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A 2-D Look at the Future of Virtual Reality in Travel

A primer on the high-tech VR gadgets and gizmos that are enhancing the way we travel.

U.S. News & World Report

A 2-D Look at the Future of Virtual Reality in Travel

Woman in park with head-mounted display

From in-room virtual travel tours to interactive goggles that expose globetrotters to new destinations, the latest virtual reality developments are redefining the way we travel.(Getty Stock)

Since the 1990 release of "Total Recall," the film in which Arnold Schwarzenegger reclined, put on goggles and took a virtual reality vacation to Mars, the travel industry has been intrigued by the technology's promise.  

Early commercial experiments used augmented reality, simpler software that's popular for video games and doesn't require special equipment to view. And in 2014, when Facebook spent $2 billion to buy the virtual reality headset maker Oculus, the travel industry took notice. What's more, the latest Technology, Media and Telecommunications Predictions forecast from Deloitte predict a $1 billion year for virtual reality in 2016, with $700 million being spent on hardware and $300 million on content production, indicating the technology’s accelerating adoption.  

Evolving from Augmented Reality to Virtual Reality

"What makes AR and VR cool is that they're interactive. Viewers can click, move a mouse, or turn their heads and make a choice of what to see from a 360-degree view," says Eric Miro, creative director at General Idea, a design studio for three-dimensional animation and visual effects.

Virtual reality is more immersive than augmented reality because viewers wearing a helmet or goggles focus on a new 3-D, 360-degree reality with no awareness of their immediate surroundings.

With such potential, why aren't we all enjoying virtual reality experiences? Producing virtual reality content is expensive and, because the public has been slow to adopt the wearable technology that makes it work, there's not much available to see.

(Courtesy of of

The Travel Industry's Experimentation with Virtual Reality

In 2014, the early adopters at Marriott Hotels designed a phone-booth-like "Teleporter Room" that traveled to eight cities, presenting virtual tours of Hawaiian beaches and the London skyline. The Marriott teleporter used an Oculus Rift DK2 virtual reality headset, wireless headphones, and so-called 4-D techniques (heat, wind and movement) to enhance viewers' experiences.

With 500 hotels and resorts in nearly 50 countries, Marriott is still innovating. Their "VRoom Service" program, produced in collaboration with Samsung, was just tested at their New York and London hotels. It enables guests to order virtual reality experiences by phone or app to be consumed in their rooms – ironically, at a time when in room dining is disappearing from many chain hotels. On the devices, users can view "VR Postcards" featuring video footage of immersive travel adventures.

"It combines storytelling with technology, two things that are important to next generation travelers," says Matthew Carroll, vice president, Marriott Hotels.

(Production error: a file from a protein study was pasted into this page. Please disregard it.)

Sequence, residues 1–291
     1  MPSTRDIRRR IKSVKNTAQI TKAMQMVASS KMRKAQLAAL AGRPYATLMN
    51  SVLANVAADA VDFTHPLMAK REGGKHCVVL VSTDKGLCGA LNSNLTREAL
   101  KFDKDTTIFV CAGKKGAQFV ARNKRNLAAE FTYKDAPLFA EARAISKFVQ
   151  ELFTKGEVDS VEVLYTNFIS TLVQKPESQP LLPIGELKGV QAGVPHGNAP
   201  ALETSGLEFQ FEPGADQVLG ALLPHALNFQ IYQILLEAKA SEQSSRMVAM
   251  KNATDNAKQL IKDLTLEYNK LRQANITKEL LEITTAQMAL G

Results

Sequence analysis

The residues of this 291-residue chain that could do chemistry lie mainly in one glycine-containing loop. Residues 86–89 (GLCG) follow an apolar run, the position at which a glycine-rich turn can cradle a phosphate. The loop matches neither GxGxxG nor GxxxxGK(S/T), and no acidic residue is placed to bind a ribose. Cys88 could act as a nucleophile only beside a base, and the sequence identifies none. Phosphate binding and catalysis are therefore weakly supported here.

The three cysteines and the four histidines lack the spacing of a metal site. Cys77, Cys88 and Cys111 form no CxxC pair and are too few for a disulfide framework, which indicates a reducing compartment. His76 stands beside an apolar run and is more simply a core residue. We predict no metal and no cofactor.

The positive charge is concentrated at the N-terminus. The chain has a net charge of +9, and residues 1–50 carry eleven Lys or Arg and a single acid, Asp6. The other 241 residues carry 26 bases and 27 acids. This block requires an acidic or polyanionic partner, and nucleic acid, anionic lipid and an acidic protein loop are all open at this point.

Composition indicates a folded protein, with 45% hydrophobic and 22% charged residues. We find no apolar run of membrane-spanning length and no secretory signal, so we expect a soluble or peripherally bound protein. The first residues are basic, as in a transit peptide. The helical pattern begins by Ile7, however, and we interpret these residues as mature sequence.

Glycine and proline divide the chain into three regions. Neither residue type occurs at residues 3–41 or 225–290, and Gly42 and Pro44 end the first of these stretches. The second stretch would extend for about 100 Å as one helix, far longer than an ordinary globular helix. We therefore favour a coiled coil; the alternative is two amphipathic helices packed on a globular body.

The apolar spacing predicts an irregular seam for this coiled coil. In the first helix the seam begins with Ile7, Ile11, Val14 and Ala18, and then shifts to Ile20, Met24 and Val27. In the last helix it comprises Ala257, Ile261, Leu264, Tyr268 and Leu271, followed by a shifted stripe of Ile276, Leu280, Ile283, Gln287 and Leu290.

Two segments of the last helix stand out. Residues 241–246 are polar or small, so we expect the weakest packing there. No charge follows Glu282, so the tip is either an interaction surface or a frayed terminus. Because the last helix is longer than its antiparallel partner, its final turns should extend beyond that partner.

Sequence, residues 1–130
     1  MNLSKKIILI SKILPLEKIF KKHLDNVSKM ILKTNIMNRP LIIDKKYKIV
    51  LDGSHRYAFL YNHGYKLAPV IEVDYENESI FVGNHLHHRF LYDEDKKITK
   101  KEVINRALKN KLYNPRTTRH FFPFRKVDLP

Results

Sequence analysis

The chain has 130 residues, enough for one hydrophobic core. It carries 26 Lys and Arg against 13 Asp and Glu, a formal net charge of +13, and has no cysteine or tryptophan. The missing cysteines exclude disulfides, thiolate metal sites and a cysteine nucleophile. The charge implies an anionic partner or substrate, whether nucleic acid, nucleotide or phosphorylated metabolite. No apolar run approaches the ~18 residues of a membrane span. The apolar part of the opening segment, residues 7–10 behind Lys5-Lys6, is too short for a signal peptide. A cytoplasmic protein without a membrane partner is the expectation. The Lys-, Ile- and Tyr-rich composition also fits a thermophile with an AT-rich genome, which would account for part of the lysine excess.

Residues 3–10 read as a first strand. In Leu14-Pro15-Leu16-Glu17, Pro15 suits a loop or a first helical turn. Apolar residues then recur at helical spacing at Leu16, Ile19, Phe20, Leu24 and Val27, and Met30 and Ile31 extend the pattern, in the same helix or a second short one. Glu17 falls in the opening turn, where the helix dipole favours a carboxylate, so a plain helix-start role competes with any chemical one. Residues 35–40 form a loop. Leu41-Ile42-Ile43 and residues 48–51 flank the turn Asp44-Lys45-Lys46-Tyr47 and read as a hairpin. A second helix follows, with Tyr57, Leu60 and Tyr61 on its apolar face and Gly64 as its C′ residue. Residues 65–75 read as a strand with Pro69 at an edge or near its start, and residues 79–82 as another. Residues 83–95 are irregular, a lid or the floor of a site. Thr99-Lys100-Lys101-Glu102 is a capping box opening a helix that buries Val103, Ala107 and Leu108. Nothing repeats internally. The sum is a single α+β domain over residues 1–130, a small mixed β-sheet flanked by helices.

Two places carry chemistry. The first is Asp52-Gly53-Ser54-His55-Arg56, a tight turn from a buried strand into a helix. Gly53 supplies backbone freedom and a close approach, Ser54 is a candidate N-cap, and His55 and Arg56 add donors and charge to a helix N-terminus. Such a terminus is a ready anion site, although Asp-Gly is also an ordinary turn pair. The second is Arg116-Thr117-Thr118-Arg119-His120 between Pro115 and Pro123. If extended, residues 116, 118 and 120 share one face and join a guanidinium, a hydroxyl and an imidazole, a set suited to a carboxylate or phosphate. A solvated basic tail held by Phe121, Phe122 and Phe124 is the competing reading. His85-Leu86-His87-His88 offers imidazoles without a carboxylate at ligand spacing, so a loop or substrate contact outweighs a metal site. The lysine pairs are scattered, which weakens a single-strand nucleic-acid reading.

Destinations have also rolled out innovative virtual reality technology. The tourism office for British Columbia produced a virtual reality experience that lets visitors at brick and mortar tourist offices select among outdoor adventure activities they can pursue once in Canada.

"At the point of sale, virtual reality is a very effective tool," Miro explains.

And China's national tourist office recently previewed a virtual reality tour of Beijing's Temple of Heaven. Wearing headsets, viewers could turn and see the gardens behind the main temple; using the controller, they could zoom in and study its architectural details. 

(Courtesy of of

The Variety of Virtual Reality Content Increases

The pace of virtual reality technology adoption is accelerating. Facebook is encouraging the Discovery Channel, VICE and other producers to create 360-degree videos for their News Feeds. The New York Times Magazine recently packaged its cover story with a virtual reality film and sent out a million Google Cardboard virtual reality viewers (a $25 paper viewer with 3-D lenses) to subscribers. Prospective travelers, who use the viewer to eliminate the spherical warping of 3-D videos seen on 2-D hotel booking websites, can simulate what it's like to be virtually there.

Suzanne Sanders, director of marketing at the virtual reality production company, emphasizes the potential of interactivity to engage travelers in new destinations. She says visitors spend an average of 10.4 minutes interacting with a virtual reality experience, and average 22 percent more in-person visits after the experience.

What's Next in the Virtual World?

The jury is out on whether digital exposure to a destination – no matter how realistic or how in-depth – will prompt the in-person visits that translate into tourism revenue. "The technology seen in 'Total Recall' is here now, but the virtual vacation's going to take a while," Sanders says.

About En Route

Practical advice on the art of traveling smarter with tips, tricks and intel from En Route's panel of experts.

Contributors have experience in areas ranging from family travel, adventure travel, experiential travel and budget travel to hotels, cruises and travel rewards and include Amy Whitley, Claire Volkman, Holly Johnson, Marsha Dubrow, Lyn Mettler, Sery Kim, Kyle McCarthy, Erica Lamberg, Jess Moss, Sheryl Nance-Nash, Sherry Laskin, Katie Jackson, Erin Gifford, Roger Sands, Steve Larese, Gwen Pratesi, Erin Block, Dave Parfitt, Kacey Mya, Kimberly Wilson, Susan Portnoy, Donna Tabbert Long and Kitty Bean Yancey.

Edited by Liz Weiss.

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